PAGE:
The best defense against communicable diseases can be boiled down to one thing, says the manager of the program at the Wayne County Health Department — wash your hands.
That has long been the rule of thumb for preventing spread of the flu and the common cold, but it is also true for most contagious issues.
At the recent Board of Health meeting, Josa Raynor-Vaughn, supervisor of the communicable disease department, gave an overview of the reporting system and handling of conditions, which can range from anthrax and foodborne illnesses to yellow fever and the Zika virus.
“Communicable disease control is a core public health function and public health provides necessary education, prevention, surveillance and outbreak investigation,” she said. “Our main goal is to keep the public safe by preventing the spread of communicable disease and reports.”
Sources for receiving notification can include physicians’ offices, laboratories, schools, day cares, food establishments, hospitals and long-term facilities.
The state has a procedure for reporting, as well as a timeliness to notify the Health Department about the disease or condition.
The department’s main service areas, in addition to what they call general communicable diseases, are immunizations, sexually transmitted diseases and tuberculosis, Raynor-Vaughn said.
“In some instances, (the Health Department) does provide disease treatment,” she said. “We promptly implement control measures to keep these diseases from spreading. We investigate and report and we do surveillance.”
The STD clinic provides free and confidential HIV testing and referral, as well as exams, treatment, partner notification, preventive counseling and condom distribution. In 2018, the department saw 2,491 clients and performed 1,560 HIV tests, she said.
“We had 85 positive for gonorrhea, 299 positive for chlamydia, 14 positive for syphilis, four new HIV cases and 21 positive for herpes,” she said.
Tuberculosis has been another area of concern, be it providing treatment, testing or case management for people with the active form or a latent TB infection, which requires medication to prevent it from becoming active.
“We also do screening and evaluation for people at high risk, community outreach and education,” Raynor-Vaughn said. “We also do targeted investigation to identify what we call context for those people that have been exposed to active TB.
“And I want to give Wayne County a hand because in 2018 we had zero, I mean zero, cases of tuberculosis.”
That is not to say the concern is gone. Her department currently has 26 clients that are on preventive treatment. The medication is offered for nine months. Clients do not have to take it but those testing positive are encouraged to take it.
There were likewise no flu deaths or pertussis cases for 2018, she added.
Hepatitis, however, is an issue both nationally and locally.
“Hepatitis A outbreak has occurred in California, Utah, Kentucky and West Virginia and now it is here in North Carolina, and it is here in Wayne County,” she said. “North Carolina has had a total of 72 confirmed cases — 52 of those were hospitalized and there has been one death since June 2018.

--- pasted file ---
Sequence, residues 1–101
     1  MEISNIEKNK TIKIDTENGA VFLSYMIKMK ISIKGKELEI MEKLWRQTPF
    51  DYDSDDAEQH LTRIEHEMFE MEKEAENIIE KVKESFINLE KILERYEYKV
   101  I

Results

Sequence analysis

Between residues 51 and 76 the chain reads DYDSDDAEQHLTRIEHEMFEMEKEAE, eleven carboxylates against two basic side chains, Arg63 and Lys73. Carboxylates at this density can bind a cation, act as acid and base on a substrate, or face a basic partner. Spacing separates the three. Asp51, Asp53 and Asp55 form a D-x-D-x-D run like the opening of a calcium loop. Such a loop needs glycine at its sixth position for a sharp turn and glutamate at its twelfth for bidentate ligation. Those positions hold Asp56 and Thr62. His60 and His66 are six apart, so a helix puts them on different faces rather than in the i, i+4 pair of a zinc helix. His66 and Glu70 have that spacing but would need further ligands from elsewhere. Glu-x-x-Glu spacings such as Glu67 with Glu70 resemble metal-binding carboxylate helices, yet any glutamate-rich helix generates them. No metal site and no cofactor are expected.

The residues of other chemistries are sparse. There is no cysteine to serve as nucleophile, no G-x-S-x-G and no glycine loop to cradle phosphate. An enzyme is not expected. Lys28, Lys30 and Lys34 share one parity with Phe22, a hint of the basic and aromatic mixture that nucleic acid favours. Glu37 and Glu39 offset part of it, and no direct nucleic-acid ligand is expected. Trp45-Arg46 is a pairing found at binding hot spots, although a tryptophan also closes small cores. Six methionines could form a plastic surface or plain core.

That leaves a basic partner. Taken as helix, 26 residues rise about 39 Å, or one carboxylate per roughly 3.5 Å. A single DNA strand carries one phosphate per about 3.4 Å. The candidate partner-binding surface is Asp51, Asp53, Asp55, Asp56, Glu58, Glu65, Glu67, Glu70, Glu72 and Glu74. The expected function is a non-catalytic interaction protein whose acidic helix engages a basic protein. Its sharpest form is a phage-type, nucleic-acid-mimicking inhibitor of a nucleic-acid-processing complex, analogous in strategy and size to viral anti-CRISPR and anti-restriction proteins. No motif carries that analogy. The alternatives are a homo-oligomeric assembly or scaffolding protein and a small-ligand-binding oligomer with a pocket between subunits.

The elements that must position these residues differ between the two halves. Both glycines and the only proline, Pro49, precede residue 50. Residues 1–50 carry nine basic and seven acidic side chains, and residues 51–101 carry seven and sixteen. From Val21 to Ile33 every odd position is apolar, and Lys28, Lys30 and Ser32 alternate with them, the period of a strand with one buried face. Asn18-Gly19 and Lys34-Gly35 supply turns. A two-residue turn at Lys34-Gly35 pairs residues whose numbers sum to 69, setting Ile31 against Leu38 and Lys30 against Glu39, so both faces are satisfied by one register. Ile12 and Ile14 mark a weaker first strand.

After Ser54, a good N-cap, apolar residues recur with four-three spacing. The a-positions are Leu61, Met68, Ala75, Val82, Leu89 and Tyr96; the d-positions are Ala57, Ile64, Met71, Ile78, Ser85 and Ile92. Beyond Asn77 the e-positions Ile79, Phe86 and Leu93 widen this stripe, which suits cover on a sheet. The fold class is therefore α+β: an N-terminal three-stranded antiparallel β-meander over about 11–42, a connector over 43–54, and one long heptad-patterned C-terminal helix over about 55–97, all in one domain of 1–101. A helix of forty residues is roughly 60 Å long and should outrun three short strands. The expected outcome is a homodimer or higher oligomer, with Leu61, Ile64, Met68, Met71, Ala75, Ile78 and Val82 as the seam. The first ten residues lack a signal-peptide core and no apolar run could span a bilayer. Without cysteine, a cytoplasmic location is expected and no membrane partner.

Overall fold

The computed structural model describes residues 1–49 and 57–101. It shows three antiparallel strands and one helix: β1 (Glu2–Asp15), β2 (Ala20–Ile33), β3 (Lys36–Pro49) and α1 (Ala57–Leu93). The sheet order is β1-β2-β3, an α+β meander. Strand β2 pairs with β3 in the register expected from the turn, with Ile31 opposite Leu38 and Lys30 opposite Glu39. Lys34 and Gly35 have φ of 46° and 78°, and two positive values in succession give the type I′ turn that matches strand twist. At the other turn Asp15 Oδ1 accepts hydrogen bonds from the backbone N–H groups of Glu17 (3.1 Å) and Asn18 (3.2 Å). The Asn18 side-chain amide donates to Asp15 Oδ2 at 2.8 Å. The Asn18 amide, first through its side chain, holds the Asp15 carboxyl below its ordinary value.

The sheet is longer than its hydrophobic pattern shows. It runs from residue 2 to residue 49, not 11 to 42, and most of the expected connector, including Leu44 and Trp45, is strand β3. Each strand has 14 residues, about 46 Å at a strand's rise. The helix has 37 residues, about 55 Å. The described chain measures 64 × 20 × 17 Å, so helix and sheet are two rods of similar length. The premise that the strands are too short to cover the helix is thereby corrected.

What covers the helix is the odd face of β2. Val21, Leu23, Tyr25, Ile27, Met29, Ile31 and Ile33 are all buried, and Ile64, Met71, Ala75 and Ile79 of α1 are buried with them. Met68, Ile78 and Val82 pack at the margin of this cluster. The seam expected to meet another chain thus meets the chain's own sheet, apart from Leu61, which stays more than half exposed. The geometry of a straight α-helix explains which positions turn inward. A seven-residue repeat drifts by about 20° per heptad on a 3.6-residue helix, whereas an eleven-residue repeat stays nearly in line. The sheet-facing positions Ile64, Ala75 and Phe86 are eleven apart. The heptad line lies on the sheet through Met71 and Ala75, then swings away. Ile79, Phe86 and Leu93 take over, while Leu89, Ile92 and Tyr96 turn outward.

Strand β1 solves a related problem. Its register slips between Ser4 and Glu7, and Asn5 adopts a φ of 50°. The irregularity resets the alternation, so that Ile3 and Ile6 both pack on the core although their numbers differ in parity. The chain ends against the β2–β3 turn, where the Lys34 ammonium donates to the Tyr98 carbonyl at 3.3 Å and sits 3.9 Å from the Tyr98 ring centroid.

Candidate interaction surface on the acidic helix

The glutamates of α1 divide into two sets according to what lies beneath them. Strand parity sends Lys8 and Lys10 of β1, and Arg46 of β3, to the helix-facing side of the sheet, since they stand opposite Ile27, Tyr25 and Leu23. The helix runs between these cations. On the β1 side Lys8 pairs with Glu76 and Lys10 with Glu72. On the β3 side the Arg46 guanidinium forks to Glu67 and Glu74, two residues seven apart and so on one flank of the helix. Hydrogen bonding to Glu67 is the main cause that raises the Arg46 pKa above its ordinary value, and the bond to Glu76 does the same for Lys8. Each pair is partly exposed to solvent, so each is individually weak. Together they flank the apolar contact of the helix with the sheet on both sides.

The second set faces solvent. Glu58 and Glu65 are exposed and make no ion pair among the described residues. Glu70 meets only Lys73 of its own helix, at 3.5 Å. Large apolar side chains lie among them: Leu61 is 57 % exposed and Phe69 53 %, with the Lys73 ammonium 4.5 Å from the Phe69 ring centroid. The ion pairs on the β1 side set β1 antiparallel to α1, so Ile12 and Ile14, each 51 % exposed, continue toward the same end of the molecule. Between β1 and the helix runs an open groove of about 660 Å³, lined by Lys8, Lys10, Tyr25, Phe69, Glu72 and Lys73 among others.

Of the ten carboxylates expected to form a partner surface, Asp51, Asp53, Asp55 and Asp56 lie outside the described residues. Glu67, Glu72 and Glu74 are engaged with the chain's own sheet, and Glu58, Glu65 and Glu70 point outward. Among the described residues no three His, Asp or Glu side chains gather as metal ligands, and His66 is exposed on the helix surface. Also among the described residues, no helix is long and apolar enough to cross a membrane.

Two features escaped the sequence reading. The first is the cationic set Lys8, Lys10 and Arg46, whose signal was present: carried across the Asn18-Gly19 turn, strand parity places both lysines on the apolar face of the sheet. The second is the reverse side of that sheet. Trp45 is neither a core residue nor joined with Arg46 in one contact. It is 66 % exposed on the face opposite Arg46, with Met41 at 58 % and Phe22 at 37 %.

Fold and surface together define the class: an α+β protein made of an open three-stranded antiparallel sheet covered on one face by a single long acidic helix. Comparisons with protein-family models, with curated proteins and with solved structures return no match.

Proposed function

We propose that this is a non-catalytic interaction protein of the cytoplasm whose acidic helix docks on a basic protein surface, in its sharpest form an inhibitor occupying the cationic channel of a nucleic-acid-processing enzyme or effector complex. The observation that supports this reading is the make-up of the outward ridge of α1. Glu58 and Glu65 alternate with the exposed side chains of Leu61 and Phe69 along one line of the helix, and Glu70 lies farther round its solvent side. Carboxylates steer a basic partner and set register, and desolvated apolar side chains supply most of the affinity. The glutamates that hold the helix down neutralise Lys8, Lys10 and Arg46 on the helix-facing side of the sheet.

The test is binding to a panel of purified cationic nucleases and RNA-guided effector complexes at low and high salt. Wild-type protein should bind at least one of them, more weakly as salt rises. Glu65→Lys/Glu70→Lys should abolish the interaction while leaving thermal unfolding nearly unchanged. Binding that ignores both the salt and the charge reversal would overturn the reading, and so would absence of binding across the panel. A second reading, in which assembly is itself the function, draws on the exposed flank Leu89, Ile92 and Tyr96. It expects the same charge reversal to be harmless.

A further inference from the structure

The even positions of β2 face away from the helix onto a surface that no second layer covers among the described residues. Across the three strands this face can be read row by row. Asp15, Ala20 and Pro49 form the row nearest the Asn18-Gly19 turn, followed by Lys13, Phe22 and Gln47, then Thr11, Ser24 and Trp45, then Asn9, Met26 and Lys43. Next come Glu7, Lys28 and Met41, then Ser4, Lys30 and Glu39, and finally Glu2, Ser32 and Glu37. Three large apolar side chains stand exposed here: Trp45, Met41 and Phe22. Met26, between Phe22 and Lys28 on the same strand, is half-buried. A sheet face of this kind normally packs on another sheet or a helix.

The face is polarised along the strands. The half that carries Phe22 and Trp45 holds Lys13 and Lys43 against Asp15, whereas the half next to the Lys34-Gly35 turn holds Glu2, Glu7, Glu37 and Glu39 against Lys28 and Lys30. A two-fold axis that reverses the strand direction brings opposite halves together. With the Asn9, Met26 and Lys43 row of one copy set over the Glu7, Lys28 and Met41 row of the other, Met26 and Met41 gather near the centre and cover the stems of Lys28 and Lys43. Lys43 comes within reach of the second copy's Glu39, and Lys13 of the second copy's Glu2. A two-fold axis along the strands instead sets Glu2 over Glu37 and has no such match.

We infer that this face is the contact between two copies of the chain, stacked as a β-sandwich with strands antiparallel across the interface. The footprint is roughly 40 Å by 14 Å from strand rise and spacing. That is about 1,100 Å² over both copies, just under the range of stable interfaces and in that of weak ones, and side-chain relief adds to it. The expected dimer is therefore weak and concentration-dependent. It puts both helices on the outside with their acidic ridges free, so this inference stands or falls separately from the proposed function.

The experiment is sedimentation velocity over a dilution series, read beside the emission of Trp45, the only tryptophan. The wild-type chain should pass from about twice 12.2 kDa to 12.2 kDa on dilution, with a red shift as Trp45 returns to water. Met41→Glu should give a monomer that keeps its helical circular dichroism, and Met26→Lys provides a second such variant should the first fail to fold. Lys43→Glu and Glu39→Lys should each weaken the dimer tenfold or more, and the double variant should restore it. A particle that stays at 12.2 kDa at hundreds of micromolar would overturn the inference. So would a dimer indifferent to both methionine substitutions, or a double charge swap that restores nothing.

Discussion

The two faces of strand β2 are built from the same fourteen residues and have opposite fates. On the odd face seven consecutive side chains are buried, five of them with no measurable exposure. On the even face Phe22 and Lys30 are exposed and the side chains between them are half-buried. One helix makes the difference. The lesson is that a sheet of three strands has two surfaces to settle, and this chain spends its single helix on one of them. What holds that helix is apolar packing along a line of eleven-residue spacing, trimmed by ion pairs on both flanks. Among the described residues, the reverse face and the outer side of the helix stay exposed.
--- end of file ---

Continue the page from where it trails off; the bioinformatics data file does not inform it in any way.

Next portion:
“The N.C. counties with the most cases included Mecklenburg with 29, Wake with 12 and Wayne with six cases since September of 2018.”
A highly contagious liver infection spread from person to person — from not washing hands after using the bathroom, changing diapers or having sexual contact with someone infected or eating or drinking after a person with Hepatitis A — not all who are infected will come down with the illness, Raynor-Vaughn said.
The Centers for Disease Control and Prevention has focused on vaccinating the homeless, men having sex with men and injection-drug users, she said.
“All of our cases here in Wayne County have been injection drug users, using meth and heroin,” she told the board. “Three of those cases were transients. All of our cases have been hospitalized and one had been incarcerated.”
The Health Department’s response has been providing hepatitis A vaccines at the Wayne County jail, the detention center, the Community Soup Kitchen and the Community Crisis Center. The efforts are ongoing, she added.
“We have given a total of 153 hepatitis A vaccines and we’re doing a focus in the future with the Salvation Army to get some of these high-risk areas, like the Serena Hotel and Irish Inns, to get some of these people to come out and get vaccinated, also,” she said.
Even though the outbreak numbers were small, Wayne County Health Director Davin Madden said he was proud of his staff for responding at the “hot spots” for at-risk people.
“They did a good job — they went out, they went to the jails, they coordinated with the sheriff’s department and vaccinated people there, at the soup kitchen and other places,” he said. “This measure is really the best we can do because it’s really a consent-driven approach.
“Even though you educate them on their potential exposure and their risk factors, (and try to encourage vaccination) some did opt not to receive the vaccine.”
The public health response was followed, Madden added, but there are still constraints and limitations.
“You have only so much limited control when it comes to this category, especially in places like jails,” he said.
The bottom line, in the case of hepatitis as well as other contagions, is that there are basic precautions within the grasp of everyone, said Raynor-Vaughn.
“If you want to stop the spread of any kind of communicable disease, you need to wash your hands, preferably with soap and water, for about 20 seconds,” she said. “Make sure you get your vaccinations, that’s very important — now that we’ve had this hepatitis A outbreak, people are coming in here wanting to get a hepatitis A shot.
“And if you’re sick, you need to stay home, stay away from people so you can get better and you won’t infect anybody else.”